Sunday, September 15, 2013

Fallen Giant

Swamp Maple or Soft Maple are not names that inspire grand images of stately trees.  Red Maple may create a more favorable first impression.  Red is the color of their early spring flowers and we seek them out every year.  We discovered that one of our largest and oldest fell victim in part to the recent severe weather.

Our aged giant was structured much like the younger tree in the foreground.  Its main trunk splint into five not far above the ground.  Two of the trunks had previously fallen to the ground.  Once a large  branch broke off but became lodged in a nearby tree.  High above the forest floor this horizontal snag was a favorite perch for the great horned owls that sometimes nested here.  We know this to be true because of the large number of owl pellets scattered about under the snag.

Two trunks remain but the base of the tree looks well worn.  We shall watch and wait for the next trunk to fall.  This storm hit the tree from an unusual direction with pretty stiff winds.  The top of the fallen trunk neatly dropped between two trees at the forest edge.  Only one small branch was clipped off at the end of the fall.

John Burroughs wrote of making white sugar from the sap of Red Maples.  Maple sugar from Sugar Maples is brown much like the color of the syrup.   Late winter tree tapping has always been on our wish list but so far no action has been taken.  I boiled maple sap as a child and again early in our marriage.  Outside working in late February is more than pleasant.  The smell of wood smoke and sap steam add to the experience.  Somehow slogging through deep snow and spending the entire day tending a fire while stuck in the woods has sounded like more than I want to attempt.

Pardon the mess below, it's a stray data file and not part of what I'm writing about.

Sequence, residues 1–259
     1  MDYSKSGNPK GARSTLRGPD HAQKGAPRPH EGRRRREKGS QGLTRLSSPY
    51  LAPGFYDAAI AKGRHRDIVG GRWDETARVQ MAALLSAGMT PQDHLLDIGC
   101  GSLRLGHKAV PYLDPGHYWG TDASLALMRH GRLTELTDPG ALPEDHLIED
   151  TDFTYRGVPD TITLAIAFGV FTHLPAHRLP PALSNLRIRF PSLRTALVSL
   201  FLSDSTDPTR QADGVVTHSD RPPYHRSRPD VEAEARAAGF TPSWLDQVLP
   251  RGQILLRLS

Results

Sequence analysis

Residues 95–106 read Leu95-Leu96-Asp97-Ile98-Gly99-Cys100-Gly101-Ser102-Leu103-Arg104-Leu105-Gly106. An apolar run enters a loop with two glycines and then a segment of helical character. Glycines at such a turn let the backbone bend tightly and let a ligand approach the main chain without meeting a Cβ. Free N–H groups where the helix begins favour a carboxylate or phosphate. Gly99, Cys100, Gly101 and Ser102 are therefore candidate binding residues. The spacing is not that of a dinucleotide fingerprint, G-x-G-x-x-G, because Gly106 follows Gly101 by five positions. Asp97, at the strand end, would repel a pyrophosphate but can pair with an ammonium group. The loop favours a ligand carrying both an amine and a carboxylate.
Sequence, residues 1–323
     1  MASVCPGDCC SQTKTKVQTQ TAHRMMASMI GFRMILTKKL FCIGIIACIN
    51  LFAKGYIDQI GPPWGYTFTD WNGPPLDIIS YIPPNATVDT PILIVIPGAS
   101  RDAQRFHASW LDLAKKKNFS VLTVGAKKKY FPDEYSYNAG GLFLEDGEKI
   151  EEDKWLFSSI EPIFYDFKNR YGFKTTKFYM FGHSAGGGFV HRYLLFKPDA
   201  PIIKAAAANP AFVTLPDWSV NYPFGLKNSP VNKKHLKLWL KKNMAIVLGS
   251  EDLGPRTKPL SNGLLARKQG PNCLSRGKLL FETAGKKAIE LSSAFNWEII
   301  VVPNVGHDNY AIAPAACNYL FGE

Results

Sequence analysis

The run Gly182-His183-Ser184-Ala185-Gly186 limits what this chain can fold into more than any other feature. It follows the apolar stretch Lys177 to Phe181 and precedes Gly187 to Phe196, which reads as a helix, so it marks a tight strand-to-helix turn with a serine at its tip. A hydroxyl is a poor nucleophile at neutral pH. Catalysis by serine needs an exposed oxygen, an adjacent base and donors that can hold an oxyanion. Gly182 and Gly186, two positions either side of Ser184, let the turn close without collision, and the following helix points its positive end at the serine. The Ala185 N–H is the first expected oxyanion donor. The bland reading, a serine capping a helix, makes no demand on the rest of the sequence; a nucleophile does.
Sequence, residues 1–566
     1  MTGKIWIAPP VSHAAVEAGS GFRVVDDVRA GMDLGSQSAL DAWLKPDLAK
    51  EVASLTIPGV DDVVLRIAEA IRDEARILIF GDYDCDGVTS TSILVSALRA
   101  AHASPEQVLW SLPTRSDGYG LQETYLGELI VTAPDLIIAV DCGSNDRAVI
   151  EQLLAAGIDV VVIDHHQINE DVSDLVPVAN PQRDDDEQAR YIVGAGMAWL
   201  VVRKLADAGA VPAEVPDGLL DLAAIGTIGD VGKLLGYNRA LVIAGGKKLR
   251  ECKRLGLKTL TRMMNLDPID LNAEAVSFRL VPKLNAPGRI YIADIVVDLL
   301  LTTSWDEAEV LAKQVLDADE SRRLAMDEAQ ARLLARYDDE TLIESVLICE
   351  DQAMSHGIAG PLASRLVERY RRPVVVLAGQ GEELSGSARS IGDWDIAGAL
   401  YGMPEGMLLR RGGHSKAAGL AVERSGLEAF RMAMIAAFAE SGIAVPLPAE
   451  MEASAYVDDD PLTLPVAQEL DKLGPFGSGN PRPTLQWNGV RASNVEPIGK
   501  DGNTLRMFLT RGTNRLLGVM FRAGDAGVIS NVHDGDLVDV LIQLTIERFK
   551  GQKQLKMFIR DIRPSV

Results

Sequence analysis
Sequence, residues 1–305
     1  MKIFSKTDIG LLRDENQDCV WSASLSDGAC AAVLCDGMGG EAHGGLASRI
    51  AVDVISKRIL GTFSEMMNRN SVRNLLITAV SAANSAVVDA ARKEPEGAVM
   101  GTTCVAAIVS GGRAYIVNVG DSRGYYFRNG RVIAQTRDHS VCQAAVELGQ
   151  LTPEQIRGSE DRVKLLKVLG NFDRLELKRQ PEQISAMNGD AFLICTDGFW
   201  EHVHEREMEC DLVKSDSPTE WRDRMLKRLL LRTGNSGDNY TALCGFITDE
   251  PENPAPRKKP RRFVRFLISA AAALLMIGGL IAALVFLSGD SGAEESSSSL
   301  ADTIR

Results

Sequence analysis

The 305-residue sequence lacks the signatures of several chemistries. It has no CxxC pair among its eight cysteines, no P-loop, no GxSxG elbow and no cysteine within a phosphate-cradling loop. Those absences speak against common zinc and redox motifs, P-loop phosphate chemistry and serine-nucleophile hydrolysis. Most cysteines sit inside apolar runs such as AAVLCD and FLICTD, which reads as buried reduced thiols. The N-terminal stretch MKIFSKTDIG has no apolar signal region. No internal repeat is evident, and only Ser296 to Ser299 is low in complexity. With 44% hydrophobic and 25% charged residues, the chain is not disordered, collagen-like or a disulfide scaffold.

The two earlier fallen trunks are slowly being reclaimed by the forest floor.  Located in a wet valley, there was no practical way to remove the wood.  The twisted trunks would have been a nightmare to split so we left them where they fell.

Very close to the fallen tree trunk I found both Partridge Berry and Wintergreen growing.  Any attempt to remove the fallen wood would place boots on top of both of these groups of plants.  Our choice to leave the fallen tree to return naturally to woodland soil was strongly reinforced by the discovery of these two prized ground covers.

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